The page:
Students from around Atlanta Public Schools took part in Jumpstart’s annual Read for the Record event, with Garden Hills and Towns elementary schools each hosting their own event and Finch and Venetian Hills elementary schools joining in on a larger event at the Hyatt Regency in downtown Atlanta.
Mike Beatty, commissioner for the Georgia Department of Community Affairs, wowed an audience that included 25 students each from Finch and Venetian Hills, as well as students from Premier Academy. David Chandley, meteorologist forWSB-TV, served as host for the event, with guest appearances including Atlanta City Council member Kwanza Hall.
Before the big read at the Hyatt, Chandley cited research that showed that 73 percent of Americans wrongly believe that if kids start kindergarten behind in their reading proficiency, that they will somehow be able to easily catch up. Jumpstart’s literacy efforts hope to get children off to a proper reading start.
The students and their parents and teachers seemed excited at the opportunity. The students filled the ballroom and immediately started drawing figures inspired from this year’s book, The Very Hungry Caterpillar, at separate tables before forming a large crowd sitting on the floor as Beatty read to them.
Finch parent Nyyokakie Nelson Strickland took time to joint her son, kindergartener Joshua Nelson (above), at the event, and was thrilled he was able to participate so he can begin building a reading foundation. “I want him to learn to read as soon as possible so that he can learn to communicate better with others, build strength as a speaker and to better function in the outside world,” Nelson Strickland said.
Joshua’s teacher, Finch veteran kindergarten teacher Laverne Emanuel, appreciated the opportunity to give her students another way to think about literacy. “This is a great learning experience for them. It’s very hands-on so that they can see how reading applies to them. They can see it in a book and get enthusiastic about that book in a different setting. This really makes it enjoyable for the children.”
Angela Barrett, Venetian Hills’ math coach and her group’s chaperone, agreed about the value of the trip. “This is very valuable because it gives them an opportunity to see that adults are serious about reading and want to support their learning,” said Barrett, who chaperoned Venetian Hills’ visit last year when they heard the book “Corduroy” read to them.
Co-sponsors of the event were Pearsons, Sodexo and Smart Start, the early childhood division of United Way of Metropolitan Atlanta.
Over at Garden Hills, students wondered, “How hungry can a caterpillar be?” The school’s kindergarten students fed their “Hungry Caterpillar” more than 200 cans of food before listening to Principal Amy Wilson (above) read The Very Hungry Caterpillar. The children then enjoyed a reading of the Spanish version by Maria Delgado Taylor.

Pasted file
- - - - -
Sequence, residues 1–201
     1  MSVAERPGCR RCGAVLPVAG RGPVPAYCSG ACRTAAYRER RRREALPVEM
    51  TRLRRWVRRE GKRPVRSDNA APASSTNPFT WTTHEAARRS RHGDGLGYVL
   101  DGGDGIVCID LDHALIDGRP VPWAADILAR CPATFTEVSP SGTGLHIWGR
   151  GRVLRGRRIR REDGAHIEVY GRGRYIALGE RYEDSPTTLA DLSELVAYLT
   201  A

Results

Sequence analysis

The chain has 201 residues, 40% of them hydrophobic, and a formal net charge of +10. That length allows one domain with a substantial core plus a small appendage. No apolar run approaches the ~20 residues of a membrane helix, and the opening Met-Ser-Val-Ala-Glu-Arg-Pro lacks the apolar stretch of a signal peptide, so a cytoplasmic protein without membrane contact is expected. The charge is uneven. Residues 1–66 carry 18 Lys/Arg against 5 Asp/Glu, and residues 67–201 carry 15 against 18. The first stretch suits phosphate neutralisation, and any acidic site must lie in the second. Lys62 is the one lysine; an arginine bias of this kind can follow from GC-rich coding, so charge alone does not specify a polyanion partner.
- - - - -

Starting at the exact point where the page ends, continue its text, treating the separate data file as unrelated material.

Even though reading The Very Hungry Caterpillar was the focus of the day, as students at an International Baccalaureate school, they wanted to do more. So they tied in the idea of being hungry to the victims of the Atlanta area’s recent floods. What better way to help our community than to send the food collected to the Atlanta Food Bank! (See below.)
When a Garden Hills parent, Jilo Tisdale (family literacy coordinator of Smart Start/ United Way) heard the kindergarteners were participating in the Jumpstart program, she brought a copy of the book for every kindergartener by the end of the day.
“I am so proud of our students and was thrilled to be a part of the Jumpstart Reading program,” Principal Wilson said. “Our kindergarten students demonstrated caring and empathy by donating canned goods and enjoying reading. What more could a principal ask for?”
Over at Towns Elementary (above), 366 students participated in the Read for the Record campaign, as Principal Carla Pettis read the text to pre-kindergarteners. Kindergarten teachers and Media Specialist Allaenna Williams worked collaboratively to develop a presentation for students that took place in the media center.
A variety of instructional activities were implemented:
* The entire school participated in reading and comprehension activities (i.e., questioning, sequencing, etc.)
* Students learned and sang “The Very Hungry Caterpillar” song
* Students participated in writing assignments
* Students produced charts and graphs of the book and acted out the story